It is not in my ambitions, nor even, unfortunately, in my skills here to a course on aerodynamics. However, we will see a number of essential concepts for good understanding of the behaviour of a rocket in the air.

For more information, we can, in particular, refer to the article Wikipedia on aerodynamics.

Rockets discussed here are moving in the Earth's atmosphere called the air. The air is a gas (or more specifically a gas mixture) who is compressible, expandable, elastic, viscous and also weighing. All these features have an influence on the movement of solids in air.

Aerodynamics is the study of the behaviour of the air on the body in movement.

The motion of air around an object, or the motion of an object in the air, may be disposed according to two schemes :

We find these two types of flow in hydrodynamic, there are streams traBut the airflow diverted will tend to continue their path parallel to the flow direction, thus creating an air space, "a depression", behind the plate. But "nature with horror the vacuum", the air molecules (and the plate also) will be drawn by this depression thereby creating a turbulent behind the plate. versing little hilly areas and without obstacles, water flow is laminar, then there are other streams of water more steep with rocks in their bed and where the water flows more tormented (torrent), their flow is turbulent.
If now we place the CD cover parallel to the airflow of the fan.
If we now consider a laminar airflow and is placed in the air stream a flat plate perpendicular to this feed. The experience can be made with a fan and a CD cover for example.If now we place the CD cover parallel to the airflow of the fan.

element perpendicular to the airflow

The airflow that arrive on the plate will no longer be able to continue on their way and will have to circumvent this plate. However, these airflow will exert pressure on the plate, experience: to a fan put a CD cover, you feel the force exerted by the pressure of the air on the cover.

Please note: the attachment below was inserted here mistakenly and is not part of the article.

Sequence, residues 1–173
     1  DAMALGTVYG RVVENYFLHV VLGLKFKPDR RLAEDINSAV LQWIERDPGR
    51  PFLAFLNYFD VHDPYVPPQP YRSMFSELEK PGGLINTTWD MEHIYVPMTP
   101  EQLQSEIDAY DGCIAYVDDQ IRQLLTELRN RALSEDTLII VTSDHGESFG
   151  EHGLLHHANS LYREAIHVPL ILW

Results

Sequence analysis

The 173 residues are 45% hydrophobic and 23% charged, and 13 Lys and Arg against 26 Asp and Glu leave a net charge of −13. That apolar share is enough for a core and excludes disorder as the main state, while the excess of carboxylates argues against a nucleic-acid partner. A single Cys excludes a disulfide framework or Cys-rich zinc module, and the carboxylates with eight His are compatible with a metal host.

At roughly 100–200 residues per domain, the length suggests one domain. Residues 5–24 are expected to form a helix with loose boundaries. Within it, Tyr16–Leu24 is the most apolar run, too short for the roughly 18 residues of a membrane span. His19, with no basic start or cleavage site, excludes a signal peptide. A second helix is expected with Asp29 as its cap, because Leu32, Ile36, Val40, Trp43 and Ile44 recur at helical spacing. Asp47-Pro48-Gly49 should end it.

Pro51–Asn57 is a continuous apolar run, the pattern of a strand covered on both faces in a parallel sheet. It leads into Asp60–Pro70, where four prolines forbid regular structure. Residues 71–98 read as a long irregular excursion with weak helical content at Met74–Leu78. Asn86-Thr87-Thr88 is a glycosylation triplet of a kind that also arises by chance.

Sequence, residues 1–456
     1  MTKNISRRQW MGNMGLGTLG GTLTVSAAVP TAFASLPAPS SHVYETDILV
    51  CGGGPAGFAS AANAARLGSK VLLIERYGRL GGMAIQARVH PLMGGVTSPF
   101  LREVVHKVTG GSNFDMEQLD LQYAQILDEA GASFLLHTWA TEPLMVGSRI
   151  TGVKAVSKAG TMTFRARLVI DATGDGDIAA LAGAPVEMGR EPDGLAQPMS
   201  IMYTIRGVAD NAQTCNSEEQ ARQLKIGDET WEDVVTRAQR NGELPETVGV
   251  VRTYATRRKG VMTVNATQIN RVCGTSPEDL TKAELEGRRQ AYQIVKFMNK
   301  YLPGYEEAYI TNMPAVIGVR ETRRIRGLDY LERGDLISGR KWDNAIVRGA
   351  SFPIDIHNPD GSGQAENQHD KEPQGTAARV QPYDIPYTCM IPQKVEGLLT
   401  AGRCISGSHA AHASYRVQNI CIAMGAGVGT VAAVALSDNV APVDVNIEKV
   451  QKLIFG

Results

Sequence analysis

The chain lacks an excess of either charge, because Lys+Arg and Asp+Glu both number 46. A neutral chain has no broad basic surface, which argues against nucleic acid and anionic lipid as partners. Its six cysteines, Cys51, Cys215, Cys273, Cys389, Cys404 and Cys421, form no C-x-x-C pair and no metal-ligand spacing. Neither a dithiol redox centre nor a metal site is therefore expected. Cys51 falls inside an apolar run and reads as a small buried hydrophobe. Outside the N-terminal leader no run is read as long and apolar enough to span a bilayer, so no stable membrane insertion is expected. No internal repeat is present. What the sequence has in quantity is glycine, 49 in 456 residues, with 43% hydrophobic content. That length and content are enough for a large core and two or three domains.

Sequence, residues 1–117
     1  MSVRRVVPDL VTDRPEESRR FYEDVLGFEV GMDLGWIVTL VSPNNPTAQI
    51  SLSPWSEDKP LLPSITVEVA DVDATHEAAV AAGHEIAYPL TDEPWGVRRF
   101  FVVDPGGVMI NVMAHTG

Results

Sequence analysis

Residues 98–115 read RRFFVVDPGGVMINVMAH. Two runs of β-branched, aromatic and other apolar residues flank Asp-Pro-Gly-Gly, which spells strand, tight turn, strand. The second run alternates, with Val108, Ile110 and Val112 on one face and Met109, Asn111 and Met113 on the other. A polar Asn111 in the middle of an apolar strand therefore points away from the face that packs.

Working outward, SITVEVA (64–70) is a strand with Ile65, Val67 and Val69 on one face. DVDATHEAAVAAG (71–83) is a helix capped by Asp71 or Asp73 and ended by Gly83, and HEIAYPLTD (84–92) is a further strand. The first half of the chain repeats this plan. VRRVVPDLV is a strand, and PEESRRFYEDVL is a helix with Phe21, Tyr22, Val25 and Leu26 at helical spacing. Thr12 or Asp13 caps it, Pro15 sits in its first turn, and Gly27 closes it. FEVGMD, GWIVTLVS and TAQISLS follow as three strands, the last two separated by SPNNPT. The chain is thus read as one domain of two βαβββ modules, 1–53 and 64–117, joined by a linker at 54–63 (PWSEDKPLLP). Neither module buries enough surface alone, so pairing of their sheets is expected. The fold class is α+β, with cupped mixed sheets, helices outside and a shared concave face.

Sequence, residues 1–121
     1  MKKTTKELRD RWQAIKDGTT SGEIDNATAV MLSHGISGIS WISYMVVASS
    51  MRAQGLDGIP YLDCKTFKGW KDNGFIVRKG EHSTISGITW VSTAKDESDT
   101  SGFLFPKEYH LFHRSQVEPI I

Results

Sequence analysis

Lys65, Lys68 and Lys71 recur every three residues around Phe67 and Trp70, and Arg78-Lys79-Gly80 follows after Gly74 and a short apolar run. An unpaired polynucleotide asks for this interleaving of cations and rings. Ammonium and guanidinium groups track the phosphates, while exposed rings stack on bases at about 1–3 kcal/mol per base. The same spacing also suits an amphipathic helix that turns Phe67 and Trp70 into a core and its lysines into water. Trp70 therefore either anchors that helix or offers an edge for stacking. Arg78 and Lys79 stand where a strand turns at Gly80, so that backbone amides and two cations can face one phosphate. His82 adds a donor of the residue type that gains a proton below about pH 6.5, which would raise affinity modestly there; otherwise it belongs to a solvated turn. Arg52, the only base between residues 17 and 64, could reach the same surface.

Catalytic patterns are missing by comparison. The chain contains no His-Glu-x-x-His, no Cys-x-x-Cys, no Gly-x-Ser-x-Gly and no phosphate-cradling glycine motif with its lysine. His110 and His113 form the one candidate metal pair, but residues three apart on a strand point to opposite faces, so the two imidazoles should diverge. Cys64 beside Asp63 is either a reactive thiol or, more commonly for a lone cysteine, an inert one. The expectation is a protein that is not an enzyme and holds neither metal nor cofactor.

But the airflow diverted will tend to continue their path parallel to the flow direction, thus creating an air space, "a depression", behind the plate. But "nature hates vacuum", the air molecules (and the plate also) will be drawn by this depression thereby creating turbulence behind the plate.

we see better the phenomenon in a river, in a portion where the flow is laminar, placing a pebble across the current, it is clear that water comes strike on this rock, creating a rise in the water level front, while behind, to create swirls.

If now we place the CD cover parallel to the airflow of the fan.

element parallel to the airflow

The cover is thin, the airflow will be undisturbed, however we feel that a force tends to remove this cover of the fan. This force is essentially due to the friction of air on the sides of the cover. Indeed, the fact that the air near the walls of the cover layers have different speeds will create forces of viscosity, which can be significant.

All the forces due to these three phenomena (forward pressure, depression on the back and friction) is the drag force. 

This drag force is function of :

The drag force is given by :

air resistance formula

R is a force, it is expresses in N.

Back on what is called the reference area. It is the orthographic projection of the mobile on a plane perpendicular to the flow.

In the previous two examples, if you consider that a CD cover is for size 12 x 12 x 0, 5 cm. When it is perpendicular to the airflow, reference area is 12 x 12 = 144 cm2, in the second case it will be 12 x 0.5 = 6 cm2. A rocket of diameter D with 4 fins size L and e thickness, if it is perfectly in the axis of the airflow, reference area will be:

Surface of the reference area

Previously, we saw the case of a prepared plate either perpendicular to the airflow, or parallel to the airflow. But what happens, if the plate makes an angle ? with the air flow ?

element with an angle of incidence relative to the airflow

As in the case of the normal surface, it will occur a phenomenon of overpressure on the surface struck by the air stream and a depression on the surface "in the shelter". On the other hand the plate is also subject to a force of friction. This overpressure, this depression and this friction force will add up to form the air resistance. It should be noted that the resultant force of the depression is about 3 times higher than that due to the pressure and the friction force is generally low before the other two.